RACING: Second term for Party Politics

Festival form will prove irrelevant when push comes to shove, says Racing Correspondent Richard Edmondson
Click to follow
Apply logic while sharpening pin

For much of the build-up, the conception has been that the Grand National will be little more than a rematch of last month's Cheltenham Gold Cup, an opportunity to see if Dubacilla and Miinnehoma can reverse form with Master Oats. This is dangerous thinking.

Not many Gold Cup winners go on to Aintree three weeks later, but those that do invariably lose. Golden Miller, in 1934, stands as the only exception. In recent years the animals that have failed include Alverton, who gave up his life in the challenge, Garrison Savannah and Cool Ground.

Mark Pitman knows what it is like to have the season's leading chaser fade underneath at Liverpool. Garrison Savannah's rider in 1991 also knows of the snares that await Cheltenham horses when faced with the sport's most rigorous appointment. His mount four years ago had run the race of his life to win the Gold Cup and the National was expected to be a simple exercise between the occasions of the parade and the press conference. And then along came Seagram.

"`Garry' had a hard race in the Gold Cup and problems before and afterwards," Pitman said. "But the main difference is that Liverpool is so different from Cheltenham. It's far too simplistic to take form from the Festival and say it will definitely apply here.

"Master Oats is obviously a very good horse but if he starts belting a few of these like he did at Cheltenham he won't get away with it. Put it this way, we're far happier taking him on here in a handicap than we would be on level weights at Cheltenham."

Jenny Pitman, Mark's mother, has prized the National above all other races since 1983 when Corbiere, the horse she regarded more as a limb than an animal, won. "Never mind about the ability of the horses, when they run in the Grand National it is a bit like a marathon, they just have to have an awful lot of courage," she said. "At Liverpool, if they haven't got the guts to back up their courage then I'm afraid you're a loser."

Team Pitman could indeed operate as a cycling outfit this afternoon as there are six runners from Weathercock House. Mark Pitman cannot choose between them and believes all of them have a chance. When connections say this it usually means they have not.

His thoughts, though, do spell peril for Master Oats. In the Gold Cup he was given time and space to regroup after errors. Such luxuries will not be available this afternoon.

There is an interesting tableau each year before the Grand National when, 40 minutes before the off, an official enters the jockeys' room and warns all not to go too fast to the first fence. The riders nod nervously, the man departs, and seconds later the competitors forget that anyone has been in to see them.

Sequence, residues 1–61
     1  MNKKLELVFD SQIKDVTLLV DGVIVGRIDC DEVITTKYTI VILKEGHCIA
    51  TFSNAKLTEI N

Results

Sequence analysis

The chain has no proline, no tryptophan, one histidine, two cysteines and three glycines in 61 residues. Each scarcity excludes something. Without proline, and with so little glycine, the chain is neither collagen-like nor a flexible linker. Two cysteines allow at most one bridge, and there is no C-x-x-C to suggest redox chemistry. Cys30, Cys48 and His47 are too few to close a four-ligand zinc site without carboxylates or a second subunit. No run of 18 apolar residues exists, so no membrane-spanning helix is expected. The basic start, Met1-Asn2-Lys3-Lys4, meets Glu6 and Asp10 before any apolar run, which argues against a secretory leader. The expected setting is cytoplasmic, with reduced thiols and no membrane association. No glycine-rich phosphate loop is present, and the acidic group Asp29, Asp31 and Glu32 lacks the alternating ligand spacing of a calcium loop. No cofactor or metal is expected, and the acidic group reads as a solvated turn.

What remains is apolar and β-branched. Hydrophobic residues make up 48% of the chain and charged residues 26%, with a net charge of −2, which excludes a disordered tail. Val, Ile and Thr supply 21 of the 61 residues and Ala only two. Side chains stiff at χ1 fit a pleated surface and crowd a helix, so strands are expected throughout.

Composure will be in short supply over the good ground that does not suit Master Oats particularly well anyway. At present odds he represents bad value.

The ground will also be no great friend to Miinnehoma, whose victory 12 months ago was on going normally associated with the Everglades. In addition the 12-year-old comes from an age group that has won just once in the last 15 years.

The third horse from the Cheltenham frame, Dubacilla, must, however, go well despite the statistic that no mare has won this race Nickel Coin in 1951. A half-sister to last year's runner-up Just So, Dubacilla showed her first worthwhile form of the season at the Festival and is one of the safer conveyances in the field.

She will not, though, be as well fancied as Young Hustler. When this diminutive animal scans Aintree's huge fences it must be like the Greeks looking up at the ramparts of Troy. Like them he appeared to have found a way round the problem last year until he was brought down by a loose horse. Form is not greatly in the gelding's favour, but the terrain is and it is not difficult to visualise him reaching the frame.

One who should be in front of him, however, is the 1992 victor Party Politics, who looks as though he was designed from the blueprint of the Wooden Horse. His size is such that these obstacles must look about as daunting as a herbaceous border. A fresh horse from the 11-year-old age category that has been most successful in recent times, Party Politics appears the most likely winner.

The exotic element in the race is provided by Tsuyoshi Tanaka, who becomes the first Japanese jockey to compete with his ride on The Committee. It is safe to assume that Tanaka is not doing it for the money as he has already won the Nakayama-Dai-Shogai, his country's version of the Grand National, which is worth about £380,000. Each time he throws his leg over a horse in his homeland he is paid about £500.

The Japanese rider is the son of a former champion featherweight boxer, which is fairly apt on a day when bookmakers and lottery organisers will be fighting for the contents of purse and wallet. What coppers that can be located should be put against Party Politics' name.